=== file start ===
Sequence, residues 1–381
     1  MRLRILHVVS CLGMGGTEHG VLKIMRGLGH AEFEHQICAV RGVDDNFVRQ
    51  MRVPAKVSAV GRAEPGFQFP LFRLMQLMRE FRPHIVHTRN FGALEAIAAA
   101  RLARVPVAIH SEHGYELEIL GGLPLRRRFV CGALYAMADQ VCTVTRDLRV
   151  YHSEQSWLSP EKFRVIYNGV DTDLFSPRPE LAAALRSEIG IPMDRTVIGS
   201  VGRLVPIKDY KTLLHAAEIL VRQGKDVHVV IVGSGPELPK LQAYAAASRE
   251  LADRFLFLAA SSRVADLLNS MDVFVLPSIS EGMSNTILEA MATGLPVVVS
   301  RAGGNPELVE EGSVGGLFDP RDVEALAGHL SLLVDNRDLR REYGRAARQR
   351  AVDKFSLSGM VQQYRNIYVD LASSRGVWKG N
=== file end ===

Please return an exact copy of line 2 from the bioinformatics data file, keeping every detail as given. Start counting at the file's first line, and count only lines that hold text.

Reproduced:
     1  MRLRILHVVS CLGMGGTEHG VLKIMRGLGH AEFEHQICAV RGVDDNFVRQ